Someone will steal my actual story! You are protected by international copyright law. When you have committed the story to electrons or to paper, it is already protected. You don’t have to formally copyright it. If ever you see your work somewhere else under someone else’s name, point it out to your lawyer. It rarely, rarely happens, in the first place, and in the second place, you will have two satisfactions: the certain knowledge that your work really IS good enough to publish, and the ability to legally whack the thief in the head.
My stuff isn’t good enough for someone else to read! (or) I don’t want other people to read my work, it’s just for myself! You will definitely have to get over this one if you want to be a published writer. Why not now? If your goal is to hug your stories to yourself and gloat, or to feel like you’re accomplishing something without ever getting close enough to publishable to have to do any work, like sending it out (I did this for years), then carry on thinking this way, just not in our workshop. If your goal is to get published and have adoring fans send you letters, and have actual money come out of your work, then you need to improve your work to the point of being publishable. You will have a hard time doing that without readers, and good critiques (giving and receiving) will be a profoundly important step along the way.
I’m sending my work by email to friends, or to a critique group. Don’t publishers consider that legally published already and refuse to buy first rights? You have to be a little careful. If you post your story on a website that’s open to anyone, or to a public free story compendium somewhere on the web, then yes, publishers sometimes consider that it has been already lost first publication rights. However, if the critique group requires a password to read the stories, even for a really big critique group like critters.org, or if you’re sending it via email to a circle of friends, it has NOT been published. The difference is whether only some people can see it, or whether anyone can see it. So if you put your work on a display site or LiveJournal, or your WordPress journal (we’re talking about full stories here, not excerpts) it has been published. If you send it to 1200 people in a large critique group, but only to them, it has not been published.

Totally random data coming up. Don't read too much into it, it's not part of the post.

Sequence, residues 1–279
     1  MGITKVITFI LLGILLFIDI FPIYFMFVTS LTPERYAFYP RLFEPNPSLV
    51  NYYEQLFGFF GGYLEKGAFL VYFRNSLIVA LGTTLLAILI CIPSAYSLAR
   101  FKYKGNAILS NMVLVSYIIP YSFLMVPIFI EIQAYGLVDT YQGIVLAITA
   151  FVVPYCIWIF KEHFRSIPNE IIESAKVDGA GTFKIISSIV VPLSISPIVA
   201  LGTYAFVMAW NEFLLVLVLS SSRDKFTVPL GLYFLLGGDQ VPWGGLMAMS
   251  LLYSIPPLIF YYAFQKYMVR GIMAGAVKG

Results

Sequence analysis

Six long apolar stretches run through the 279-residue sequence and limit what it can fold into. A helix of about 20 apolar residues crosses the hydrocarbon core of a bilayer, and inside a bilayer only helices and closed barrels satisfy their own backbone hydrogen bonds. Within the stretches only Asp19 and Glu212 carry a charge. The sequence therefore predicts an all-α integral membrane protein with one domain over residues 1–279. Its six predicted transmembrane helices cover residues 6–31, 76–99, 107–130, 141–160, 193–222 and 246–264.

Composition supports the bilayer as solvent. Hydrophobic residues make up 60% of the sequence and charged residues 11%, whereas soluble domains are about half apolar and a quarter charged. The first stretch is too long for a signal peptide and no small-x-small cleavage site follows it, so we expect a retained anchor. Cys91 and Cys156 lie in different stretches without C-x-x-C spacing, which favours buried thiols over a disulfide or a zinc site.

I’m going to get my feelings hurt! Oh yes, you are. Risk is part of living; if you aren’t taking any emotional risks, then you are never going to get any emotional prizes, like the lightning strike of joy that comes when you get a piece accepted for publication. But philosophy aside, if you aspire to be a published writer, you will eventually be getting rejection notices. Oh yes, you will. If you have experience in dealing with critiques, the rejections will not hurt so much. In addition, getting critique after critique will give you practice in dealing with the hurt, and putting it in the proper perspective, and learning to make use of constructive criticism to improve your work. The practice will make successive critiques hurt less. Really!
Websites Useful to Critiquers
Critters.org is a longstanding online short story sf&f workshop, very successful. Here are two articles from its captain about how to phrase things diplomatically in a critique, something we will take very seriously here.
Victory Crayne’s excellent instructions on how to critique fiction. It amounts to a very detailed checklist that you can fill out if you run out of things to say about a piece you’re looking at.
Another very detailed article along the lines of the last one.